Front Page Titles (by Subject) B. STODDERT TO JOHN ADAMS. - The Works of John Adams, vol. 10 (Letters 1811-1825, Indexes)
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B. STODDERT TO JOHN ADAMS. - John Adams, The Works of John Adams, vol. 10 (Letters 1811-1825, Indexes) 
The Works of John Adams, Second President of the United States: with a Life of the Author, Notes and Illustrations, by his Grandson Charles Francis Adams (Boston: Little, Brown and Co., 1856). 10 volumes. Vol. 10.
Part of: The Works of John Adams, 10 vols.
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B. STODDERT TO JOHN ADAMS.
Bladensburg, 27 October, 1811.
I sincerely thank you for your kind letter of the 15th. It always affords me the highest satisfaction to hear of you and from you, and more particularly when I hear favorable accounts of your health and contentment.
I have seen and regretted the attack of Colonel Pickering on you, in a point affecting your moral character. In relation to any intrigue of my countrymen, the Smiths, with you, for his removal from the office of State, I have at all times felt the strongest conviction that you never did descend to such baseness, not only because I knew you were incapable of such degradation, but because I had reason to know that there was no kind of private intercourse between you and General Smith (and his brother was not at the seat of government), about the time of Colonel Pickering’s removal. I knew it from this circumstance. A day or two before the New York election, in which Colonel Burr exerted himself with so much success as to produce a result that disappointed every body, and at a moment when members of Congress and all about the government believed that city would be entirely federal, General Smith and a Senator of high standing called on me at my office, and expressed their satisfaction with most of your measures, though disapproving of some which they seemed disposed rather to ascribe to the influence of others than to you, and signified a desire to have a friendly interview with you, and asked my opinion if such an interview would be agreeable. My reply, in substance, was, that I could not doubt it, but that I would speak to you on the subject, and let them know.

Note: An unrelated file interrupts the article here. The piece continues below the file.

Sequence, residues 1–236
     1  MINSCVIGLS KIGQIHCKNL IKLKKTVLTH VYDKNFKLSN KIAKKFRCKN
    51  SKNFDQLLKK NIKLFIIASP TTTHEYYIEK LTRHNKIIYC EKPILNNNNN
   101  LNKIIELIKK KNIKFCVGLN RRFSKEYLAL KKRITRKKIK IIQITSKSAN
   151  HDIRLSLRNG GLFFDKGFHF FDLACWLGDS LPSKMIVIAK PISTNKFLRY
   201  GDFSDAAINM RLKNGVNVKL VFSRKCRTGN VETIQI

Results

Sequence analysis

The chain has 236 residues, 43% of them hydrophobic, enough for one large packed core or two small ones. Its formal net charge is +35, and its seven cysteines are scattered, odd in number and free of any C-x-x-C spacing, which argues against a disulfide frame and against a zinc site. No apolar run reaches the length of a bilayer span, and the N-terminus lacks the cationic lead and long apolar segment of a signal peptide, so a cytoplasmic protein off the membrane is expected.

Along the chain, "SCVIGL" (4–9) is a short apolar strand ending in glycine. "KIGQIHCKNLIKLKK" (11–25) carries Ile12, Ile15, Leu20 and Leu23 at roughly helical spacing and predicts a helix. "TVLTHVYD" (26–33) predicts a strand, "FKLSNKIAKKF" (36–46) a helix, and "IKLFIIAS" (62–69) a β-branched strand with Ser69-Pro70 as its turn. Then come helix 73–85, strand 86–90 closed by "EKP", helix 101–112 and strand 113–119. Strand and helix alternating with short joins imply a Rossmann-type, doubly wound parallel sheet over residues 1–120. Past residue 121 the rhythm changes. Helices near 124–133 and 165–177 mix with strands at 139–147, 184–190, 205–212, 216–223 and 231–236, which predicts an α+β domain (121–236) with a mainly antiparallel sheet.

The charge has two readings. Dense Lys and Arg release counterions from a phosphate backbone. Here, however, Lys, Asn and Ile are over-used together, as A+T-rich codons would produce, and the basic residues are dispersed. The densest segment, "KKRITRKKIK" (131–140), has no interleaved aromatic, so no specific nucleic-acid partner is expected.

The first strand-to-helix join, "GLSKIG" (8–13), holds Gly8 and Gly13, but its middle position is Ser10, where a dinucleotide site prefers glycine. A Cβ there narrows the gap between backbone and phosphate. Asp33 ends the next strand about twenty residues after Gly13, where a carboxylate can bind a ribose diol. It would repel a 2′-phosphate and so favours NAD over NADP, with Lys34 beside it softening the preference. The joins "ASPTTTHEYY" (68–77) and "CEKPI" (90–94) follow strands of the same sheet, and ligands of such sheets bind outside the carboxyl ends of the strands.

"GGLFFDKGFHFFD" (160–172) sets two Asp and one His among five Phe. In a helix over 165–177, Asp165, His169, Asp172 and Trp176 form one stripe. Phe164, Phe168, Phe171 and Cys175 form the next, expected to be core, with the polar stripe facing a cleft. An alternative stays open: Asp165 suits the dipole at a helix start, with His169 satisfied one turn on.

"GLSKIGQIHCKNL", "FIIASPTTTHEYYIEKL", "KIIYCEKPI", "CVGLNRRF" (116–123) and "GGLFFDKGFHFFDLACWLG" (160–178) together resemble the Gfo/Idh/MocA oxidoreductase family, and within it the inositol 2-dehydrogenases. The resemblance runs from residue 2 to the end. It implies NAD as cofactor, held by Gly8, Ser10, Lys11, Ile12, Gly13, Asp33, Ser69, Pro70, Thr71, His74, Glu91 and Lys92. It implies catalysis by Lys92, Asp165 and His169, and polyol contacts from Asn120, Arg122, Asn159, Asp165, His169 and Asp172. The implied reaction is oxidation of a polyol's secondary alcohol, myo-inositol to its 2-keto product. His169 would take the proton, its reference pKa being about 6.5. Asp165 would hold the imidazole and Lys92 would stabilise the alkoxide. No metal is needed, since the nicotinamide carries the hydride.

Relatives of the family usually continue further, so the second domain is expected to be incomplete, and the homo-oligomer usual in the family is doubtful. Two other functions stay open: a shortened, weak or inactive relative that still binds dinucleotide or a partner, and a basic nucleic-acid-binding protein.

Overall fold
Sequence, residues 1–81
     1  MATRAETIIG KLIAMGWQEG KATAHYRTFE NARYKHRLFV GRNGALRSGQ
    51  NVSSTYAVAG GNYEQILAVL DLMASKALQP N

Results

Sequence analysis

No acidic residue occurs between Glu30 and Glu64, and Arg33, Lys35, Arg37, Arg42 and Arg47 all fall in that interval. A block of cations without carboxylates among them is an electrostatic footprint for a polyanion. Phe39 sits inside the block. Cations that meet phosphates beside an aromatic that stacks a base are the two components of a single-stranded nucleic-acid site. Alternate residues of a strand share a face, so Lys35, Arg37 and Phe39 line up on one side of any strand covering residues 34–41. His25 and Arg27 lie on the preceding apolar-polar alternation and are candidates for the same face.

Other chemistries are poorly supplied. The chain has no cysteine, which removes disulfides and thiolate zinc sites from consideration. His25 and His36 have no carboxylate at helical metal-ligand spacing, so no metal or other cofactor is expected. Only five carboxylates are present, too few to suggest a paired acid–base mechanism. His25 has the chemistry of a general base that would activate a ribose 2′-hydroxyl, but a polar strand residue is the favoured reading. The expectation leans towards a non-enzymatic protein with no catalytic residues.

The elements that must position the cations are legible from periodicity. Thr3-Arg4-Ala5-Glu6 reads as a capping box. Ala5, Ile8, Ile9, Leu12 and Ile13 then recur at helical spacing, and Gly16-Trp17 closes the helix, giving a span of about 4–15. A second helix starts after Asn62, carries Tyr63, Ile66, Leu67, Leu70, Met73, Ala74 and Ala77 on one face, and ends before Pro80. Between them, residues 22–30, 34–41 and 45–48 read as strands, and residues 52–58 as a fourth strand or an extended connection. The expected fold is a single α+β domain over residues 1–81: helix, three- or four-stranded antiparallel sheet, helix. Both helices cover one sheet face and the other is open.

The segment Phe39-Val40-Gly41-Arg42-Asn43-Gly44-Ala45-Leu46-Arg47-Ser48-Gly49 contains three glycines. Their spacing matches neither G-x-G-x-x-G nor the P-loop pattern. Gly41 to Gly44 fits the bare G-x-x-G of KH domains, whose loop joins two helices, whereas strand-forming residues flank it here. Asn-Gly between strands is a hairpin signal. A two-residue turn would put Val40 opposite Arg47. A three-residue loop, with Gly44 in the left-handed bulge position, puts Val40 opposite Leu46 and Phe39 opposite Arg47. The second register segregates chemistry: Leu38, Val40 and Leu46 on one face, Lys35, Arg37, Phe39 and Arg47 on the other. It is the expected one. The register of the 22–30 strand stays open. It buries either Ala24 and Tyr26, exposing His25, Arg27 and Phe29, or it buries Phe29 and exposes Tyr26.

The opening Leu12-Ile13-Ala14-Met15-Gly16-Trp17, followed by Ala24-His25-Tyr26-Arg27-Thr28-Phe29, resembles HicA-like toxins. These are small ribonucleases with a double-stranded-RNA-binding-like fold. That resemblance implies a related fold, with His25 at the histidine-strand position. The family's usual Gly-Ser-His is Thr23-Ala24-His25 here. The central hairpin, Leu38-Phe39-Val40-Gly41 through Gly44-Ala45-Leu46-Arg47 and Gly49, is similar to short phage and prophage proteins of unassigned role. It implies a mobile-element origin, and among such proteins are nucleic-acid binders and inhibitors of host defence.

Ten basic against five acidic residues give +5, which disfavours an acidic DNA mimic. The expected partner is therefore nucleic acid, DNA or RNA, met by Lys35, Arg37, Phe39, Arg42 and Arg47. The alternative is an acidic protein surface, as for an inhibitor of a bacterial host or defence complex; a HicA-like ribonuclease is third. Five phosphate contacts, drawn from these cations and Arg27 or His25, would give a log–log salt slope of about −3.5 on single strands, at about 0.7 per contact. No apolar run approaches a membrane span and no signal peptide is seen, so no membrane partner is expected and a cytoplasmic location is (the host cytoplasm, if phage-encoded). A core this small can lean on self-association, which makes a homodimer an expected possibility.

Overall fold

It so happened that I did not speak to you before the result of the New York election was known in Philadelphia. This result afforded Mr. Jefferson a prospect of the Presidential chair he seemed not to have had before. But for this result, I question whether it would not have been decided, about that time, by his friends, to suspend his pretensions for four years longer, and that their support, if from no other motive, for the chance of having influence in your administration, should be given to you.
If I never afterwards mentioned to you my visit from the General and the Senator, it was because I thought I perceived that their views had changed, with the change of prospect occasioned by the result of the New York election. They spoke to me no more, and I am very confident they avoided you.